Apps for turf managers: Dr. Marcus Jones has been watching the turfgrass technology front very closely over the past few years and was able to give attendees a short discussion on a relatively new ‘App’. The iStimp is an app that claims to act as a stimp meter on golf greens and is available for Apple devices including the iPod touch, iPhone, and iPad.

Essentially, you set the ball in the small divot of the ‘home’ button on the iPhone, set it on the ground, and lift up until the ball starts to roll. Once the ball has rolled its distance, you use a built in ruler to measure the distance. The phone then calculates what the reading would be on a regular stimp meter. Dr. Jones is working on a research project that will test the effectiveness of this app when compared to the traditional stimp meter. Keep tuned to the iaTURF blog for updates on this project.

 

GPS spraying: GPS based technology has been around the agriculture field for a few years now and it’s slowly starting to creep its way in to the turf industry. We were fortunate to have a few of the current models on the market present at field day this year. We also saw a demonstration of how the technology works; the sprayer can minimize drift, minimize overlap, steer itself, calculate exact rates of application, and many other things. It’s truly an amazing technology and it probably won’t be long before everyone has some sort of experience with one of these machines.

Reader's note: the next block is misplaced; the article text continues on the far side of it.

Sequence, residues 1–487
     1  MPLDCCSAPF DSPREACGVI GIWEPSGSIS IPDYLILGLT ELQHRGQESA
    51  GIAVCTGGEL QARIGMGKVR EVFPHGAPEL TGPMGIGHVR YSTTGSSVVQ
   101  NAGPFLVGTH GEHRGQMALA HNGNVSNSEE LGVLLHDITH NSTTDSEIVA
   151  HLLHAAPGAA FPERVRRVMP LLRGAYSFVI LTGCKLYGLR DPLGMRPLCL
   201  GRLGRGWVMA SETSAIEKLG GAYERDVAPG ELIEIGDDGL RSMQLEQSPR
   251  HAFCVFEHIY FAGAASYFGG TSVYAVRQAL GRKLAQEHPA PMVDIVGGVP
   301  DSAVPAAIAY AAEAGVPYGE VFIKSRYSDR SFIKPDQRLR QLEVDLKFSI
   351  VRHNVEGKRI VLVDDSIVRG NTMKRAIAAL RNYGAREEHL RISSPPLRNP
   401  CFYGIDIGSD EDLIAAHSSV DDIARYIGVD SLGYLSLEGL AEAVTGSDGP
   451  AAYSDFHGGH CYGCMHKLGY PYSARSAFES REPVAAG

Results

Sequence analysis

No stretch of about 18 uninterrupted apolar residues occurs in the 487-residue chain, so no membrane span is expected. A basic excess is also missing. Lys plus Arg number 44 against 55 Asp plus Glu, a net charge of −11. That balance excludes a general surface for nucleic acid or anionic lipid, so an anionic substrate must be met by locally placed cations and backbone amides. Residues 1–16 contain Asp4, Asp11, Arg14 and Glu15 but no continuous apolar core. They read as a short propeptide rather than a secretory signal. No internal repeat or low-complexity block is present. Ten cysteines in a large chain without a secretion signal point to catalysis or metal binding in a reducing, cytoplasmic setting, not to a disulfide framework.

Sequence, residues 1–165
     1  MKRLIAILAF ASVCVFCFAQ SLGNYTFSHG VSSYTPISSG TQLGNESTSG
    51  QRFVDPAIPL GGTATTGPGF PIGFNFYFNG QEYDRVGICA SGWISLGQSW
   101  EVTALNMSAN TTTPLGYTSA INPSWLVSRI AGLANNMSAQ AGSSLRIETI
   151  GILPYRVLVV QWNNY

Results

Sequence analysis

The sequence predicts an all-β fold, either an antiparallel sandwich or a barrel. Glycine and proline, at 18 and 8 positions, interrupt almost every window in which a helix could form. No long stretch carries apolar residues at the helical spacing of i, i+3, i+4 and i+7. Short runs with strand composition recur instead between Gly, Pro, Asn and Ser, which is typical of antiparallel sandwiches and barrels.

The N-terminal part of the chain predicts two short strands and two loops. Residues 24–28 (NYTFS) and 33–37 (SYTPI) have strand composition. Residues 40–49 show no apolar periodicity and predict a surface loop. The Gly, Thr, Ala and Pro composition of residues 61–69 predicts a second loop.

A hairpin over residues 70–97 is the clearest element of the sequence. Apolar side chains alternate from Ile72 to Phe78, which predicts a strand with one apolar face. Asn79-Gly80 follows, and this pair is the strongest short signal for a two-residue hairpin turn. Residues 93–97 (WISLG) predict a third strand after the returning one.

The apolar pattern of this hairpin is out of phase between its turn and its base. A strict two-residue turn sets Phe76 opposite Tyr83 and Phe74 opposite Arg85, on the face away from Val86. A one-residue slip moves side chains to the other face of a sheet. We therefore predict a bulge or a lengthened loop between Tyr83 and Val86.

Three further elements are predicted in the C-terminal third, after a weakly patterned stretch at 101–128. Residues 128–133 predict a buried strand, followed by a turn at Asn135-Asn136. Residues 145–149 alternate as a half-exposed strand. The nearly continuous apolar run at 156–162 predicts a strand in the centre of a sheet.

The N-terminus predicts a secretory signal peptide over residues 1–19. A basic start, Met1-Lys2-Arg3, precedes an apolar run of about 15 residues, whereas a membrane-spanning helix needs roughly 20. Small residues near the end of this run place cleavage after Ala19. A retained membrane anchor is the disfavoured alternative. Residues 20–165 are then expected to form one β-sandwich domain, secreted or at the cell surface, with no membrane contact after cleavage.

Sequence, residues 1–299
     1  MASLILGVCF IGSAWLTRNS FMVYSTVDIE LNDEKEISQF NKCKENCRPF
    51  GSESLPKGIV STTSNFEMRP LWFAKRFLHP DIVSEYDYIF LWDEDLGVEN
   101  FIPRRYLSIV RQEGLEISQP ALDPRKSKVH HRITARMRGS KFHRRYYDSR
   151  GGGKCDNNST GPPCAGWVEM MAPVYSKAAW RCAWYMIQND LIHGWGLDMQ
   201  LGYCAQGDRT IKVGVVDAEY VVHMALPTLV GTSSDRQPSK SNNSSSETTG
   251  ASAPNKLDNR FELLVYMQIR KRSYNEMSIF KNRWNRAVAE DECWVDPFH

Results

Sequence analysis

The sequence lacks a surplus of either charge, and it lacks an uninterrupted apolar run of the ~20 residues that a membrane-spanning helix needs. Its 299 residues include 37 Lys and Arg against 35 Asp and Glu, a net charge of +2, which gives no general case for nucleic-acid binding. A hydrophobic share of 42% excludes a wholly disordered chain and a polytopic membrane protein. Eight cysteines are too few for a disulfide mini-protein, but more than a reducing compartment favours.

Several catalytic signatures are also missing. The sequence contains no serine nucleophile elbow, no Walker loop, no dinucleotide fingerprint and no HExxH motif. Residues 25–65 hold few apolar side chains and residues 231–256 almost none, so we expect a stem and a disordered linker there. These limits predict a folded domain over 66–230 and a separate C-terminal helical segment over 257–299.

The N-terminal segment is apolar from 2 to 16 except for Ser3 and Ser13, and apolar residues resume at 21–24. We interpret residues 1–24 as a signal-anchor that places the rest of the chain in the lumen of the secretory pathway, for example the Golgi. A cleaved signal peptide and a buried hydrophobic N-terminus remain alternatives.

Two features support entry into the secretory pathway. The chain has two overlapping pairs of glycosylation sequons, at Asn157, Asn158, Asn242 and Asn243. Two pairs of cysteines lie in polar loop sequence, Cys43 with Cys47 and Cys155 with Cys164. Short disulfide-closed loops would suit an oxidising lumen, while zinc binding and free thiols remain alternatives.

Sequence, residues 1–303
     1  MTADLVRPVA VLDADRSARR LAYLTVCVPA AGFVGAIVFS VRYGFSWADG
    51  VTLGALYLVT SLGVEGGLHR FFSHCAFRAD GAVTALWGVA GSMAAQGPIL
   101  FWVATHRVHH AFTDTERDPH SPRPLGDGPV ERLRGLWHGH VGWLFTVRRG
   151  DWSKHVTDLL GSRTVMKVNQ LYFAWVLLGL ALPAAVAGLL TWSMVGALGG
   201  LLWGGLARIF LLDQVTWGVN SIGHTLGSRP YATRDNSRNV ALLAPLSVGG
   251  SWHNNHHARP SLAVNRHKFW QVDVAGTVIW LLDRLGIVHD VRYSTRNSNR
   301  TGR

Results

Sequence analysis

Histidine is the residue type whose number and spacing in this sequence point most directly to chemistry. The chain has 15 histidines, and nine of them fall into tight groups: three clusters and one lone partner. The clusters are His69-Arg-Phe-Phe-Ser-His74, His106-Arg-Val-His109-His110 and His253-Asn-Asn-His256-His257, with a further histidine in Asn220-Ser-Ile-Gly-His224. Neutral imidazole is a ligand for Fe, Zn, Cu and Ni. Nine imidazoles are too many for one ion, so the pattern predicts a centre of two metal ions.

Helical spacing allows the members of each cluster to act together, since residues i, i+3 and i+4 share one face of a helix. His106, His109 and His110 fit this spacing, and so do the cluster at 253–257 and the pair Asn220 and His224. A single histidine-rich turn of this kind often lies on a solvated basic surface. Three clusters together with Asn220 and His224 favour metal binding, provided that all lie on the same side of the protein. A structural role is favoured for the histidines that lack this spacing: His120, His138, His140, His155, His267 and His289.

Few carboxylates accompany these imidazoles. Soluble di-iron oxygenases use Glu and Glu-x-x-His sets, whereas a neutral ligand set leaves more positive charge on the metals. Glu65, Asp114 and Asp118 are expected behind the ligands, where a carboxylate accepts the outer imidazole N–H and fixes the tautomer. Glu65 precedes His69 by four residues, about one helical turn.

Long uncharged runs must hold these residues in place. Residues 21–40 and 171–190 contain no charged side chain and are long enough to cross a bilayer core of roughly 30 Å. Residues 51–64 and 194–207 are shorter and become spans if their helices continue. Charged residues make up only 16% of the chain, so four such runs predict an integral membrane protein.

If anyone has any questions or comments about Field Day 2011, please feel free to contact me, Andrew Hoiberg (android@iastate.edu) or any of the other speakers. This truly was one of the best field days I’ve been a part of and we owe it to a great turfgrass industry in Iowa. Thanks to the vendors and attendees for a wonderful day! We’ll see you next year!

Andrew Hoiberg
Graduate Student
Iowa State University

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The importance of high-quality seed

October 10, 2013

Turfgrass establishment from seed can be a challenging endeavor. One key to successful establishment is the use of high-quality seed that is best adapted to each individual site. In the turfgrass industry, there are mixtures and blends of seed. A mixture is a combination of multiple species, while a blend is a combination of cultivars within the same species. For example, Kentucky bluegrass and perennial ryegrass in the same bag of seed would be a mixture of seed. However, a blend is a combination of cultivars of the same species such as Midnight and America Kentucky bluegrass. 

 

Seed Labeling Information